Because economic growth tends to happen in spite of public action, and because RDAs tend to be most active in those parts of town where members of the mainstream media don't live, the abysmal record of redevelopment is not always clear. But the acres of south Los Angeles wasteland generated by the Community Redevelopment Agency of Los Angeles (CRA/LA), the state's largest and wealthiest RDA, are a grim testament to failure. The agency's Normandie 5 Redevelopment Project has generated zero development. Its 107-acre Watts Project area, which has been in effect since 1968, boasts nothing but a Food 4 Less that hardly required government help to come into being. The massive $163 million Marlton Square project has stagnated, unbuilt, for nearly 20 years as a shady developer with friends in City Hall looted taxpayer funds. The two-block project area at the corner of Vermont and Manchester Avenues is a vacant lot. So is the long-fallow Central/Slauson project, where the CRA used eminent domain to shut down a metal works that was the only functioning business in the area. You'd need to go back to the crew of the Enola Gay to find a group of Americans responsible for creating so much vacant urban space.

There are many reasons for the failure of redevelopment. Part of the blame lies with the tax-increment funding structure that depends on property tax assessments and thus ensures that the least money will be available in neighborhoods where it is most needed. Part is due to a bidding and deal-making process that is about as straightforward as your intestines. Maybe the most important factor is the tendency of public-private partnerships to attract the worst elements of society: union goons, neighborhood activists, reverends, public-trough developers, political appointees, city planners, and so on. The Marlton Square project came close to breaking ground in 1999 under the legendary Lakers point guard and successful developer Magic Johnson—until itinerant local politician Mark Ridley-Thomas forced Magic out and turned the project over to a developer with a history of bouncing checks and cheating on his taxes, who went on to make millions of city dollars vanish before going bankrupt.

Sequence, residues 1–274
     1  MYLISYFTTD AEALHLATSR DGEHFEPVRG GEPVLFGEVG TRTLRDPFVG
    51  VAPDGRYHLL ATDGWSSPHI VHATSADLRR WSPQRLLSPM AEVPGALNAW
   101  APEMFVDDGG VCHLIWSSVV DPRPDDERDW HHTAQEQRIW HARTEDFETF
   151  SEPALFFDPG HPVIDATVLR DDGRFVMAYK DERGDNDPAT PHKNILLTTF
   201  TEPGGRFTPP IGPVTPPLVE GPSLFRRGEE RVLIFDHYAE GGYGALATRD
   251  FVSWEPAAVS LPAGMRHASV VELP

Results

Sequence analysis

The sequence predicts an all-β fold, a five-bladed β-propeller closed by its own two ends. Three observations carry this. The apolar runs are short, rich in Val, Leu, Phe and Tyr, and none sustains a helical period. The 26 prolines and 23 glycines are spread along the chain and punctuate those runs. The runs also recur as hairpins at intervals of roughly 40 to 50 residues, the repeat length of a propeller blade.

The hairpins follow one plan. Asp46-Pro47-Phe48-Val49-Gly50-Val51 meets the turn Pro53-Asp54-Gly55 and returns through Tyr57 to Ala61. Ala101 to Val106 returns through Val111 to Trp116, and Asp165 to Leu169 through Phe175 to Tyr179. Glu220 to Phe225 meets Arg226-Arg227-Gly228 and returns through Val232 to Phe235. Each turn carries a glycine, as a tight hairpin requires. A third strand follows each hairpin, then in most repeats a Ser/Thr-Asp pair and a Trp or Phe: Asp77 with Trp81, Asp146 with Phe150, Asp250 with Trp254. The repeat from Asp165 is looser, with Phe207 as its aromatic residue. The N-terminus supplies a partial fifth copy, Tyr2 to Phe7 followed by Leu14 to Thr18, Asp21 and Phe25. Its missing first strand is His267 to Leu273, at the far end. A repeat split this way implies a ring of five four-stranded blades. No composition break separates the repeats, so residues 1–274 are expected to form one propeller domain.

True to its criminal nature, the CRA/LA has responded to Jerry Brown's proposal by breaking the law. After the governor's budget plan came out in mid-January, the agency called an emergency meeting, in violation of a state law that requires three days' public notice before a government agency holds a vote. (The meeting was called with less than 24 hours' notice, and as far as I can see, it was never announced on the agency's website.) Although a few local gadflies showed up to provide town hall theater, the board ended up voting to turn $884 million in development project funds (counting all assets and projects, that figure may end up topping $1 billion) over to the city, to be rolled over into a new redevelopment organization that would hire existing CRA staffers.

From the outside, this exercise in institutional self-perpetuation looks like a fraudulent conveyance, a swindle to protect $1 billion in assets from the state government. The really sad thing is that it might not even be necessary. While redevelopment agencies are hated by taxpayers and by the residents of any area unlucky enough to be "served" by them, they have plenty of friends in the Democratic Party, which controls the California legislature. The proposal to nix the RDAs may already be dead by the time you read this. That is all the more reason to give credit to Jerry Brown for bringing the idea up, and for explaining why it's long overdue. 

Tim Cavanaugh (tcavanaugh@reason.com) is a senior editor at reason.